Furthermore, methane leaks from the natural gas system need to be considered (which further offset some of the reductions in CO2 emissions from the coal-to-gas shift) particularly during the next crucial decades as we race to avoid breaching climate change thresholds. The U.S. just finalized a strong new methane rule that should help to address some of the impacts from methane emissions, but accelerated production of natural gas could diminish the gains.

This brings us to the biggest problem with the oil and gas industry’s talking points. They argue that because total U.S. emissions dropped from 2007-2021 at the same time oil and gas production increased, then the U.S. oil and gas industry should keep ramping up fossil fuel production.

This is magical thinking. Research shows that all unabated uses of fossil fuels need to be phased out as quickly as possible.

In past decades, there may have been an argument that increased use of natural gas could serve as a bridge to a low-carbon economy, as coal is phased out. But now we need to focus on substituting clean electricity for coal and gas and oil. Cheap renewables can now supply most of that electricity. And we have the technologies at hand to electrify a huge share of end-uses in buildings, transportation and industry.

The figure below from the International Energy Agency (IEA) Net Zero Roadmap presents one pathway for limiting warming to 1.5 degrees C, the limit scientists say is necessary for keeping increasingly dangerous climate change impacts at bay. The left side shows how unabated fossil fuels (without carbon capture and storage (CCS)) would decline sharply over the next 30 years. The right side shows how zero- and low-carbon energy sources would grow rapidly. Renewable energy capacity would rise more than seven-fold by 2050; nuclear generation more than doubles. Modern biomass energy use increases from a current 41 exajoules (EJ) to 100 EJ in 2050. The right side of the figure also shows some residual fossil use, either equipped with CCS or for non-energy use.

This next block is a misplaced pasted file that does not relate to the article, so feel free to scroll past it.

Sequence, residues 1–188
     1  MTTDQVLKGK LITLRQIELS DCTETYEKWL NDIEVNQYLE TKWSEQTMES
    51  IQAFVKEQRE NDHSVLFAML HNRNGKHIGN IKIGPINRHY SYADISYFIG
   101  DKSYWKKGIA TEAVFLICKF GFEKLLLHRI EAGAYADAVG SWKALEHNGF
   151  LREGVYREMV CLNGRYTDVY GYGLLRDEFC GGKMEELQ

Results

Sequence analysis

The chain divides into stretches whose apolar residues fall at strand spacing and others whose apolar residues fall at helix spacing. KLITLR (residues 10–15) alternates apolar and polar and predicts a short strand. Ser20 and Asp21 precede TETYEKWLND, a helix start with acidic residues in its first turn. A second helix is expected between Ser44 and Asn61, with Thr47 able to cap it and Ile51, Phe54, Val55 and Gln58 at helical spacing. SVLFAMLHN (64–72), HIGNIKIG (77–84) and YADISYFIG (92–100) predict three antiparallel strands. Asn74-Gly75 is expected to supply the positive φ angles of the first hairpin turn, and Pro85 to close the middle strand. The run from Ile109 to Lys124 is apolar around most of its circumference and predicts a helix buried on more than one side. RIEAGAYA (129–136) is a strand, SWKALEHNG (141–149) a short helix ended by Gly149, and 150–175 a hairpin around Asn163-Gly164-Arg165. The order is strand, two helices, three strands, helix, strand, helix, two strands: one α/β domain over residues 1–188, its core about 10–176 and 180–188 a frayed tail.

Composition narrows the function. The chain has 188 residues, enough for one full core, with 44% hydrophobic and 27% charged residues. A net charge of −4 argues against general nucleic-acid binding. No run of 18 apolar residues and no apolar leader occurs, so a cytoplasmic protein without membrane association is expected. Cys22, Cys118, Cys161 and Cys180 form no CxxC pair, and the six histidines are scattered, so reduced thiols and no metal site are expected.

Graphic showing IEA's roadmap for how the world can reach net-zero emissions by 2050

This is just one of many scenarios the world could pursue to achieve net-zero global emissions. The Intergovernmental Panel on Climate Change (IPCC) assessed several hundred others. The common theme in all of them is that electricity replaces fossil fuels as the major workhorse powering the world's economy. Electrification of transportation, buildings and industry, along with applications in hydrogen production and carbon dioxide removal, leads to a doubling or more of global power generation by 2050. And that electricity is overwhelmingly from zero-carbon sources such as solar, wind and nuclear.

Electricity produced from fossil fuels equipped with CCS plays a varying, but usually small role. The IPCC found that to limit global warming to 1.5 degrees C, global use of coal, oil and gas in 2050 must decrease by about 95%, 60% and 45%, respectively, compared to 2019 (using the median values for those scenarios).  

Some will counter with the fact that the surge in U.S. LNG exports was a tremendous boon to Europe and the global economy in the wake of the Russian invasion of Ukraine — and this is beyond question. However, additional LNG projects would take years to build. Meanwhile, Europe is moving to further reduce its gas consumption, and most of global reshuffling of gas supplies driven by the invasion is complete.

To cut through conflicting talking points and cherry-picked data, it’s wise to remember the old adage: When you find yourself in a hole, stop digging. The solution to fossil fuel-driven climate change is not more fossil fuels.